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Cognitive Behavioral Therapy for Health Anxiety: Internet Treatment Versus Face-to-Face Therapy (HA-NonInf)

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ClinicalTrials.gov Identifier: NCT02314065
Recruitment Status : Active, not recruiting
First Posted : December 10, 2014
Last Update Posted : February 21, 2018
Sponsor:
Information provided by (Responsible Party):
Erik Hedman, Karolinska Institutet

Brief Summary:

Background

Severe health anxiety is a highly distressing, often debilitating, psychological problem. Since the release of the Diagnostic and Statistical Manual of Mental Disorders 5 (DSM-5) its clinical manifestations are increasingly often referred to as Somatic Symptom Disorder (SSD) or Illness Anxiety Disorder (IAD). Despite often being overlooked in routine care, several treatments for severe health anxiety have shown great promise, the most well-established being Cognitive Behavioral Therapy (CBT). Traditionally, CBT - like most other psychotherapies - has typically been delivered face-to-face. That is, the patient physically meeting with the therapist once a week for the whole of the treatment. Internet-delivered CBT does not rest on this requirement, but has nevertheless been shown to be efficacious for severe health anxiety (see for example NCT01673035).

Aim of the study

The present study aims to compare the effects of Internet-delivered CBT and CBT face-to-face for severe health anxiety in a randomized controlled trial. A non-inferiority criterion is applied to determine if Internet-delivered CBT is at least as efficacious as its well-established predecessor.


Condition or disease Intervention/treatment Phase
Severe Health Anxiety Somatic Symptom Disorder Illness Anxiety Disorder Behavioral: CBT, exposure and response prevention (Face-to-face) Behavioral: CBT, exposure and response prevention (Internet-based) Not Applicable

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Study Type : Interventional  (Clinical Trial)
Actual Enrollment : 204 participants
Allocation: Randomized
Intervention Model: Parallel Assignment
Masking: None (Open Label)
Primary Purpose: Treatment
Official Title: Cognitive Behavioral Therapy for Health Anxiety: a Randomized Controlled Non-inferiority Trial of Internet-delivered and Face-to-Face Therapy
Study Start Date : December 2014
Estimated Primary Completion Date : June 2019
Estimated Study Completion Date : June 2019

Resource links provided by the National Library of Medicine

MedlinePlus related topics: Anxiety

Arm Intervention/treatment
Experimental: Conventional CBT
Cognitive Behavioural Therapy delivered in a conventional manner
Behavioral: CBT, exposure and response prevention (Face-to-face)

This intervention entails different exercises aimed at exposure to health anxiety stimuli.

Treatment is delivered in a conventional manner. Participants are physically meeting with a therapist once a week.


Experimental: Internet-delivered CBT
Cognitive Behavioural Therapy delivered via the Internet
Behavioral: CBT, exposure and response prevention (Internet-based)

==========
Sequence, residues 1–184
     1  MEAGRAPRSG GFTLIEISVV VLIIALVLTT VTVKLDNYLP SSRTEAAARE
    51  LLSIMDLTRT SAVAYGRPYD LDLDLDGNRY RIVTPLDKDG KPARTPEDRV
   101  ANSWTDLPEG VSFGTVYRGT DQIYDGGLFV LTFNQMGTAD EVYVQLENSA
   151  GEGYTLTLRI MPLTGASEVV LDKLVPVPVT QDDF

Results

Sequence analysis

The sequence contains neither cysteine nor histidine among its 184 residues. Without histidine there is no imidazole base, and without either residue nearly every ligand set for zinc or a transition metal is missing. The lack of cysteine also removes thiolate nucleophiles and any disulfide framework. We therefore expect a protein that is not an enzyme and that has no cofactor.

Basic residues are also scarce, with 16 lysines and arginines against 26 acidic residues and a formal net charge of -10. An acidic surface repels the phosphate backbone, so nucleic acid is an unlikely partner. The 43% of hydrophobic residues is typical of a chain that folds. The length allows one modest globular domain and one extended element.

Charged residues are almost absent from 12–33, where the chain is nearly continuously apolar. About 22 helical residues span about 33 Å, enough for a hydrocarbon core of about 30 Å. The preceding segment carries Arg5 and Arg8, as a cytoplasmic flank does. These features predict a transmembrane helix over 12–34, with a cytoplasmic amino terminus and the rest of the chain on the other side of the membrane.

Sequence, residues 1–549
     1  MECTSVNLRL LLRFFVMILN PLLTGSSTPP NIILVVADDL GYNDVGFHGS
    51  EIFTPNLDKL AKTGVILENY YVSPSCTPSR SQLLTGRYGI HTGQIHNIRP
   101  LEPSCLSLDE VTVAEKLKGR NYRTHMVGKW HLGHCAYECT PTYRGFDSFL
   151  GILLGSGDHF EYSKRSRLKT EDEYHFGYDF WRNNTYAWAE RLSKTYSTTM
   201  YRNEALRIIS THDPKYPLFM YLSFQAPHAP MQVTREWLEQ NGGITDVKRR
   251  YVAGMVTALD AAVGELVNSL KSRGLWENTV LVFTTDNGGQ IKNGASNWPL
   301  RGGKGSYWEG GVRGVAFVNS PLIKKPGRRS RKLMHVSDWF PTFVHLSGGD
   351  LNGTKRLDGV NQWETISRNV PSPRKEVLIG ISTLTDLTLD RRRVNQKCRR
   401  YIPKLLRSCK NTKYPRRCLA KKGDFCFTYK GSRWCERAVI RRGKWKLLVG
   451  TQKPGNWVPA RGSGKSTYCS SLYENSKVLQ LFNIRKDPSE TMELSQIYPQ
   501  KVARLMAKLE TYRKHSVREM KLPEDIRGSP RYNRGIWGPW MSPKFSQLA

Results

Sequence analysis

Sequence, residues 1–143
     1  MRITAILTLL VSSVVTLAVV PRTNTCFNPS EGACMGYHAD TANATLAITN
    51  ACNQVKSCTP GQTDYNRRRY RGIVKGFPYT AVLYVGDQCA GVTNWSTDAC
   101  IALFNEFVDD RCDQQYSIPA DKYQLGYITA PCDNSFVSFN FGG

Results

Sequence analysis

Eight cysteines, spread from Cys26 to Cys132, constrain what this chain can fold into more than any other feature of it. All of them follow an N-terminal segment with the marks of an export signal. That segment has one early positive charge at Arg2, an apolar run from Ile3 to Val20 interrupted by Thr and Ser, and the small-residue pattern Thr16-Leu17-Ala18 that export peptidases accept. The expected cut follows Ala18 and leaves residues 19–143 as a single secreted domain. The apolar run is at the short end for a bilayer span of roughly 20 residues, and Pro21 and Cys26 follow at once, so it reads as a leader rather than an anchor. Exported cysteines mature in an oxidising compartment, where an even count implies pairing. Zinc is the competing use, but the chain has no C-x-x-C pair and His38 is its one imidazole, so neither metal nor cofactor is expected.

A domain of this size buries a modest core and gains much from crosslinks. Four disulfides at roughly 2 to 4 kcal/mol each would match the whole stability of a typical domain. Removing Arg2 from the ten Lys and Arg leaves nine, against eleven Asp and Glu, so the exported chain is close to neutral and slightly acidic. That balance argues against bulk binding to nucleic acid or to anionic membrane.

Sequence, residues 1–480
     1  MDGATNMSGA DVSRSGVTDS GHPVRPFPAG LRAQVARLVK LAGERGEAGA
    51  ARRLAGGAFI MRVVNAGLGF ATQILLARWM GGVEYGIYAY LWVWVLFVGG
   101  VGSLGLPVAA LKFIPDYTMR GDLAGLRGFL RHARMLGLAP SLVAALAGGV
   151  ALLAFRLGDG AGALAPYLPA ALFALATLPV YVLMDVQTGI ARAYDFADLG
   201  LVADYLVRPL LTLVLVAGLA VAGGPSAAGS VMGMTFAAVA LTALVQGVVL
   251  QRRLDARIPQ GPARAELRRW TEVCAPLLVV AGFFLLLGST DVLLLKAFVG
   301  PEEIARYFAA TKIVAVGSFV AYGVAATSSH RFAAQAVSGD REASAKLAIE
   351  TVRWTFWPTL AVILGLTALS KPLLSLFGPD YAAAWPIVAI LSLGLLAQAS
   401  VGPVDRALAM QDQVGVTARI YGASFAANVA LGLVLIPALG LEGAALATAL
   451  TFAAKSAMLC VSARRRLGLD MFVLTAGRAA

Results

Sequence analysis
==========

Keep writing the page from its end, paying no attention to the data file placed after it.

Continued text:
This intervention entails different exercises aimed at exposure to health anxiety stimuli.

Treatment is delivered via the Internet. Participants are guided by a therapist using an email-like communication system.





Primary Outcome Measures :
  1. Health Anxiety Inventory (HAI) [ Time Frame: baseline, post-treatment (12 weeks), weekly during treatment, 6 month follow-up, 12 month follow-up ]
    Change in HAI at post-treatment and follow-ups compared to baseline. Analyses will be conducted both within an intention-to-treat (ITT) framework and on a complete case basis. A non-inferiority limit of 0.3 d (effect size) will be used.


Secondary Outcome Measures :
  1. Illness Attitude Scale (IAS) [ Time Frame: baseline, post-treatment (12 weeks), 6 month follow-up, 12 month follow-up ]
    Change in IAS at post-treatment and follow-ups compared to baseline

  2. Whiteley Index (WI) [ Time Frame: baseline, post-treatment (12 weeks), 6 month follow-up, 12 month follow-up ]
    Change in WI at post-treatment and follow-ups compared to baseline

  3. Montgomery-Åsberg Depression Rating Scale - Self report (MADRS-S) [ Time Frame: baseline, post-treatment (12 weeks), 6 month follow-up, 12 month follow-up ]
    Change in MADRS-S at post-treatment and follow-ups compared to baseline

  4. Beck Anxiety Inventory (BAI) [ Time Frame: baseline, post-treatment (12 weeks), 6 month follow-up, 12 month follow-up ]
    Change in BAI at post-treatment and follow-ups compared to baseline

  5. Anxiety Sensitivity Index (ASI) [ Time Frame: baseline, post-treatment (12 weeks), 6 month follow-up, 12 month follow-up ]
    Change in ASI at post-treatment and follow-ups compared to baseline

  6. Sheehan Disability Scale (SDS) [ Time Frame: baseline, post-treatment (12 weeks), 6 month follow-up, 12 month follow-up ]
    Change in SDS at post-treatment and follow-ups compared to baseline

  7. Trimbos and institute of medical technology assessment cost questionnaire (TIC-P) [ Time Frame: baseline, post-treatment (12 weeks), 6 month follow-up, 12 month follow-up ]
    Change in TIC-P at post-treatment and follow-ups compared to baseline

  8. Euroqol-5D (EQ-5D) [ Time Frame: baseline, post-treatment (12 weeks), 6 month follow-up, 12 month follow-up ]
    Change in EQ-5D at post-treatment and follow-ups compared to baseline